The evaluations for the sessions were initially performed manually with paper forms. As the sessions progressed, it became apparent that completing an electronic evaluation while students were still in the small group was important for maintaining high response rates. We did attempt a more global assessment of the sessions, with only 18 of 170 students responding. This limits our ability to draw strong conclusions about the professionalism curriculum outside of individual sessions. Additionally, since the Likert scale used a multiple-choice format, there is a potential for answers to be biased towards a correct response. Future iterations of this type of study may consider a traditional horizontal Likert scale.

Modifications over the course of the year included expansion of the initial facilitator’s guides. The first three sessions included limited instructions to direct the small-group discussion, with the intent of not constraining the conversation. Feedback from senior students indicated that an expanded facilitator’s guide, which included key concepts and examples they could consider for sharing their relevant clinical experience, would be beneficial. We incorporated this feedback in the development for the Session 4 facilitator’s guide and subsequently revised the others for the upcoming academic year. Additionally, the order of the sessions has been altered as additional changes have developed within the curriculum, indicating sessions may be used independently or presented in a different order to fit an individual institution’s needs.

Our initial plan was to recruit facilitators exclusively from the M4 class given its recent completion of core clinical rotations. Facilitating these sessions would provide an opportunity to expand the M4s’ teaching portfolio and share their recent experiences. However, over the course of the year, limitations in scheduling such as recruitment/interview season, away rotations, and competing end-of-year events resulted in fewer M4s being available. Therefore, we expanded the role to include end-of-the-year M3s as well.

Other medical schools have expressed enthusiasm about implementing near-peer professionalism sessions with similar format and content. Although the four sessions presented here have been designed to address professionalism concerns at our particular institution, we feel these cases are universally relevant for training both medical students and other health care professionals. In addition, they may be used within interprofessional teams to facilitate conversation about team building, professional expectations, and the importance of honest communication in difficult situations. Future opportunities include ongoing monitoring of professionalism concerns that arise among learners and adaptation of the cases to reflect evolving challenges that students face during training.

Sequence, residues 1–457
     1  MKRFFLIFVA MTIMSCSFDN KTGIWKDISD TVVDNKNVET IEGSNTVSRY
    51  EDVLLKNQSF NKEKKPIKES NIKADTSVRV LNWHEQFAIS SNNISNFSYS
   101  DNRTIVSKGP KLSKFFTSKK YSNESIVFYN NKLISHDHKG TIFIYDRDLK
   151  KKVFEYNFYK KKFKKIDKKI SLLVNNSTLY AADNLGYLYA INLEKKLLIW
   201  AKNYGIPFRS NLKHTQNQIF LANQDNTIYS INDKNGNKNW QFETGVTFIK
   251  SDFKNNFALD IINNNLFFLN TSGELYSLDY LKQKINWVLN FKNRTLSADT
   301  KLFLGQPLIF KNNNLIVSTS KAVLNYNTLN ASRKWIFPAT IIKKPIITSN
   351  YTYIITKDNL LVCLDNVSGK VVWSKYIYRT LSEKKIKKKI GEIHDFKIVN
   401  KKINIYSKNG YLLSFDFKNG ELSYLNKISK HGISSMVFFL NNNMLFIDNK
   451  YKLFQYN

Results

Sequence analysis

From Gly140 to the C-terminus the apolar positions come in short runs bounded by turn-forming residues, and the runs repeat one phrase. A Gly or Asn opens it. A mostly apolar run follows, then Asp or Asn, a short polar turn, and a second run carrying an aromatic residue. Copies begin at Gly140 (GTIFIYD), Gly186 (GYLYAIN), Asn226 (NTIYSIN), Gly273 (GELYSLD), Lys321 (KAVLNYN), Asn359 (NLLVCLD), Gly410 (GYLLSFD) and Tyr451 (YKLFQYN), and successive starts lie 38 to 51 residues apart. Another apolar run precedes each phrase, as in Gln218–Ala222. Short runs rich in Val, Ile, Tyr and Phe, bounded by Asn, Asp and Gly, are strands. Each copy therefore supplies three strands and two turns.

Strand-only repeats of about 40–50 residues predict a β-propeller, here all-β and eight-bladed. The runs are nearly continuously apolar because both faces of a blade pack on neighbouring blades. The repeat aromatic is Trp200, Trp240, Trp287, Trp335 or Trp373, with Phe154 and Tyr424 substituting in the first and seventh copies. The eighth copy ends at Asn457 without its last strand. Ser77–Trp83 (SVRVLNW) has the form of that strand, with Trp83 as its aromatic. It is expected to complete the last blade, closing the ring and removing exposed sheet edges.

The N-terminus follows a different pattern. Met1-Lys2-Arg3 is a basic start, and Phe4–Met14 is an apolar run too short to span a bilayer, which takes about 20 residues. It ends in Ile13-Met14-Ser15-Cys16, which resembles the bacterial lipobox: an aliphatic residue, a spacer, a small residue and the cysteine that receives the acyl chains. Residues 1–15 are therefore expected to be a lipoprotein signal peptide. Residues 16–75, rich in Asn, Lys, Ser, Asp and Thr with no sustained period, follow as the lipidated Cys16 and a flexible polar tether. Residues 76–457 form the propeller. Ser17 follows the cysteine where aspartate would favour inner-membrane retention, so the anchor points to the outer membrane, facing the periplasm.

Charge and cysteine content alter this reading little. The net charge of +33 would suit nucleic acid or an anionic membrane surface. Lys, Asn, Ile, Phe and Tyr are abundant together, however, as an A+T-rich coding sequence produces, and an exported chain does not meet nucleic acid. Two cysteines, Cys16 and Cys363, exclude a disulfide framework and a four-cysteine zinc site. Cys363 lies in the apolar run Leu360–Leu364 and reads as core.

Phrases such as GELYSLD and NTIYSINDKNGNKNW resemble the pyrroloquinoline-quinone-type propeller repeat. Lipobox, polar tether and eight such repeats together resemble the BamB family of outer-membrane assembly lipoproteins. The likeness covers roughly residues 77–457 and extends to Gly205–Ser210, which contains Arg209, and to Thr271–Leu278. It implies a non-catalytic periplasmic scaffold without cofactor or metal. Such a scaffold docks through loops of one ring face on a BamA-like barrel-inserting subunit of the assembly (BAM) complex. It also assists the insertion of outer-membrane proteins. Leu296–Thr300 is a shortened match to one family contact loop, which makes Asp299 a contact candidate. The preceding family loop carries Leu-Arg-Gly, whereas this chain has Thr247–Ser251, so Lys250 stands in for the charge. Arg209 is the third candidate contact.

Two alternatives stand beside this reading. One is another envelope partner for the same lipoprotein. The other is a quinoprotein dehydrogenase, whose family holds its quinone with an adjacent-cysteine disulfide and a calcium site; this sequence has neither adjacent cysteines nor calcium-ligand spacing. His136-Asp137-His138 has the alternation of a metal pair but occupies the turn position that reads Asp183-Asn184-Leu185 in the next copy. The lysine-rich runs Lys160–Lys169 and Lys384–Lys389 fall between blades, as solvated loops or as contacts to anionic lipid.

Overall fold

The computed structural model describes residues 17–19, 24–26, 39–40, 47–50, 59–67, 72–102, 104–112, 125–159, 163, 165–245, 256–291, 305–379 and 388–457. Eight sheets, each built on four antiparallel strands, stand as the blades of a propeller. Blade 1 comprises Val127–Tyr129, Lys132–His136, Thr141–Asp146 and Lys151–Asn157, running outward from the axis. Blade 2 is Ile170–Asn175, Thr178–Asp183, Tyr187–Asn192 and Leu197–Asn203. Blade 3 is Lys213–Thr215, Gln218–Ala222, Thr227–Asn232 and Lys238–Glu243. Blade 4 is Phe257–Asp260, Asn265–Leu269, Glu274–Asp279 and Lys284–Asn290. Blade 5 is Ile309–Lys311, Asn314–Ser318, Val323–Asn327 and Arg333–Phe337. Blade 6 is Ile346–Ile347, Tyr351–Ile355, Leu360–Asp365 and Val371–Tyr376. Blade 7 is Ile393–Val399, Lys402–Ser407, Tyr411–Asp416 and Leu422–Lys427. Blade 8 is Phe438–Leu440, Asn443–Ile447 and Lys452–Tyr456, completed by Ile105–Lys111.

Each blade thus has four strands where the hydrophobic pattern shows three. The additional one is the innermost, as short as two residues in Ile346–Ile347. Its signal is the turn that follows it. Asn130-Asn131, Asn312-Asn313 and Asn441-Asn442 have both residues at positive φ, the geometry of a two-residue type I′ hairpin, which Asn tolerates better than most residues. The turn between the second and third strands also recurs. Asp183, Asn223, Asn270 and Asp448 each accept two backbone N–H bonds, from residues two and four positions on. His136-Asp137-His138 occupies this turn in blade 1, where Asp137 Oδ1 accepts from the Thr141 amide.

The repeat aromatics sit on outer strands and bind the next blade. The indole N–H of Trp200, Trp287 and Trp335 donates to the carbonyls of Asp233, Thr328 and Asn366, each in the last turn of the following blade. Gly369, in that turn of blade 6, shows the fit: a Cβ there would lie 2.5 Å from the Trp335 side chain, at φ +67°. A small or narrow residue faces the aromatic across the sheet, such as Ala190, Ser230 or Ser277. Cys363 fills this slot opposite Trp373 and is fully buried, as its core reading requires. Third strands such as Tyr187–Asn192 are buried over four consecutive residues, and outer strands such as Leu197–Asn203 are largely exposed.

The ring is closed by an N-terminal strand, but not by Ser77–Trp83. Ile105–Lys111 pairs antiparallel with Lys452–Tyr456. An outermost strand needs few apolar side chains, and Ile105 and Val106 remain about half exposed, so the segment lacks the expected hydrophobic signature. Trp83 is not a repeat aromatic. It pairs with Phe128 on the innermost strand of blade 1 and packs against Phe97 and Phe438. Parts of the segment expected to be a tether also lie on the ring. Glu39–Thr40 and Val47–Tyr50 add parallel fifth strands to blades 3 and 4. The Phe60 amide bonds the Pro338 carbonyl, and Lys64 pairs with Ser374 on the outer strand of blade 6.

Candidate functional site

Author Information

  • Raymond Strobel: Third-year Medical Student, University of Michigan Medical School
  • Alexis Antunez: Third-year Medical Student, University of Michigan Medical School
  • Kathryn De La Rosa: Third-year Medical Student, University of Michigan Medical School
  • Max Griffith: Third-year Medical Student, University of Michigan Medical School
  • Heather Burrows, MD, PhD: Associate Professor, Department of Pediatrics, University of Michigan Medical School
  • Jennifer Stojan, MD, MHPE: Assistant Professor, Departments of Internal Medicine and Pediatrics, University of Michigan Medical School
  • Sarah Hartley, MD: Assistant Professor, Department of Internal Medicine, University of Michigan Medical School.

Disclosures
None to report.

Funding/Support
None to report.

Ethical Approval
Reported as not applicable.


References

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  2. Benè KL, Bergus G. When learners become teachers: a review of peer teaching in medical student education. Fam Med. 2014;46(10):783-787.
  3. Petrilli CM, Mack M, Petrilli JJ, Hickner A, Saint S, Chopra V. Understanding the role of physician attire on patient perceptions: a systematic review of the literature—targeting attire to improve likelihood of rapport (TAILOR) investigators. BMJ Open. 2015;5(1):e006578. https://doi.org/10.1136/bmjopen-2014-006578
  4. Chretien KC, Greysen S, Chretien J-P, Kind T. Online posting of unprofessional content by medical students. JAMA. 2009;302(12):1309-1315. https://doi.org/10.1001/jama.2009.1387
  5. Kitsis EA, Milan FB, Cohen HW, et al. Who’s misbehaving? Perceptions of unprofessional social media use by medical students and faculty. BMC Med Educ. 2016;16:67. https://doi.org/10.1186/s12909-016-0572-x
  6. Zwack J, Schweitzer J. If every fifth physician is affected by burnout, what about the other four? Resilience strategies of experienced physicians. Acad Med. 2013;88(3):382-389. https://doi.org/10.1097/ACM.0b013e318281696b


Citation

Strobel R, Antunez A, De La Rosa K, et al. Medical professionalism: a series of near-peer facilitated workshops for first-year medical students. MedEdPORTAL. 2017;13:10549. https://doi.org/10.15766/mep_2374-8265.10549

Received: October 31, 2016

Accepted: January 27, 2017